Throwback Thursday : The Secret Garden by Frances Hodgson Burnett

Throwback Thursday, is a new feature created by Tenacious Reader with the aim of  highlighting books from your reading past. This can be virtually anything, a book that you previously read and loved, a book that you want to highlight again, maybe it’s a book in a series and the next book is due out shortly so you want to focus some attention on the series.   Anything goes – so long as your book isn’t a current release as there are already plenty of ways to highlight the latest books.  

The book I’d like to highlight this week is : The Secret Garden by Frances Hodgson Burnett

The Secret Garden is a classic piece of children’s literature written by Frances Hodgson Burnett.  I read this many years ago and would like to return to reread it if time ever permits.  I understand that this is once again being adapted into a movie with an impressive cast including Colin Firth and Julie Waters so this could be the perfect time to pick up a copy – or is it just me who likes to read the book first?

The Secret GardenThe plot centers round Mary Lennox, a young English girl who returns to England from India, having suffered the immense trauma by losing both her parents in a cholera epidemic. However, her memories of her parents are not pleasant, as they were a selfish, neglectful and pleasure-seeking couple. Mary is given to the care of her uncle Archibald Craven, whom she has never met. She travels to his home, Misselthwaite Manor located in the gloomy Yorkshire, a vast change from the sunny and warm climate she was used to. When she arrives, she is a rude, stubborn and given to stormy temper tantrums. However, her nature undergoes a gradual transformation when she learns of the tragedies that have befallen her strict and disciplinarian uncle whom she earlier feared and despised. Once when he’s away from home, Mary discovers a charming walled garden which is always kept locked. The mystery deepens when she hears sounds of sobbing from somewhere within her uncle’s vast mansion. The kindly servants ignore her queries or pretend they haven’t heard, spiking Mary’s curiosity.

The Secret Garden appeals to both young and old alike. It has wonderful elements of mystery, spirituality, charming characters and an authentic rendering of childhood emotions and experiences. Commonsense, truth and kindness, compassion and a belief in the essential goodness of human beings lie at the heart of this unforgettable story.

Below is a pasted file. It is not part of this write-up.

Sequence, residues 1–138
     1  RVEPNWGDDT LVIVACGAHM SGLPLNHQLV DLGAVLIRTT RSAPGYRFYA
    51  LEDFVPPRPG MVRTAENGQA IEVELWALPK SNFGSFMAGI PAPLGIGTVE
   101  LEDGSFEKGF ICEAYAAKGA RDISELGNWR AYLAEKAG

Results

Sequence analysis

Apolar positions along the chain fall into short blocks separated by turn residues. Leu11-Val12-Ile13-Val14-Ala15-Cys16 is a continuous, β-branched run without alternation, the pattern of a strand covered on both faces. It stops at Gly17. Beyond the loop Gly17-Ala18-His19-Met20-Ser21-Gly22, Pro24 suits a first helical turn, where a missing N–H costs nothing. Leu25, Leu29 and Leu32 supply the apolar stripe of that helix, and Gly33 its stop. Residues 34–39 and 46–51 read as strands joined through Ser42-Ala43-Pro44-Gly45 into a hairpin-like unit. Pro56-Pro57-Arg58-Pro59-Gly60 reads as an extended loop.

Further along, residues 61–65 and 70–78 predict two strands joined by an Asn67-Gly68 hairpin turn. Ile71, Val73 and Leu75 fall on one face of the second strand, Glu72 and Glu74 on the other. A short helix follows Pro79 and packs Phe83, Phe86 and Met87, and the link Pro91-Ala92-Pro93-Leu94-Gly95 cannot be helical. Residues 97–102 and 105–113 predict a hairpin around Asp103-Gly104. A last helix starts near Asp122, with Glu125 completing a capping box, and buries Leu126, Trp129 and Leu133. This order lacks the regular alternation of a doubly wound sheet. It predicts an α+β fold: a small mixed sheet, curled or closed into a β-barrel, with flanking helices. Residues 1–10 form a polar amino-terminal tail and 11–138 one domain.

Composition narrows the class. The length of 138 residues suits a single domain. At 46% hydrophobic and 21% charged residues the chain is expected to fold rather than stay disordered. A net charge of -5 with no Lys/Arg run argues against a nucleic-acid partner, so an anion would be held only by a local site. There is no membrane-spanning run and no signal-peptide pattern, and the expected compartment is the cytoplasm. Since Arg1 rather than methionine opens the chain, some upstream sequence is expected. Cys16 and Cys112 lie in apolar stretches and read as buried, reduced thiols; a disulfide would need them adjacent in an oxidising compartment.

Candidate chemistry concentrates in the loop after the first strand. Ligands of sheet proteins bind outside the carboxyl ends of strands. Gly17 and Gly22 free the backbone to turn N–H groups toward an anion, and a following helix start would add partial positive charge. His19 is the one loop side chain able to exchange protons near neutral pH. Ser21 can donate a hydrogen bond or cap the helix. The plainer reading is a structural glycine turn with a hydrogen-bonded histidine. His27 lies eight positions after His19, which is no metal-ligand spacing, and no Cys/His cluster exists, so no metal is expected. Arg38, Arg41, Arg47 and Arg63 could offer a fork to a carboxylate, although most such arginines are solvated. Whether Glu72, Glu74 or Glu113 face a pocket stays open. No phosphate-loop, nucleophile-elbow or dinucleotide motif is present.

Can’t Wait Wednesday : Soul of the Sword (Shadow of the Fox #2) by Julie Kagawa

Can't Wait Wednesday

“Waiting On Wednesday” is a weekly meme that was originally created by Breaking the Spine.  Unfortunately Breaking the Spine are no longer hosting so I’m now linking my posts up to Wishful Endings Can’t Wait Wednesday. Don’t forget to stop over, link up and check out what books everyone else is waiting for.  If you want to take part, basically, every Wednesday, we highlight a book that we’re really looking forward to.  This week my book is : Soul of the Sword (Shadow of the Fox #2) by Julie Kagawa:

One thousand years ago, a wish was made to the Harbinger of Change and a sword of rage and lightning was forged. Kamigoroshi. The Godslayer. It had one task: to seal away the powerful demon Hakaimono.

Now he has broken free.

Kitsune shapeshifter Yumeko has one task: to take her piece of the ancient and powerful scroll to the Steel Feather temple in order to prevent the summoning of the Harbinger of Change, the great Kami Dragon who will grant one wish to whomever holds the Scroll of a Thousand Prayers. But she has a new enemy now. The demon Hakaimono, who for centuries was trapped in a cursed sword, has escaped and possessed the boy she thought would protect her, Kage Tatsumi of the Shadow Clan.

Hakaimono has done the unthinkable and joined forces with the Master of Demons in order to break the curse of the sword and set himself free. To overthrow the empire and cover the land in darkness, they need one thing: the Scroll of a Thousand Prayers. As the paths of Yumeko and the possessed Tatsumi cross once again, the entire empire will be thrown into chaos.

Due for publication : June 2019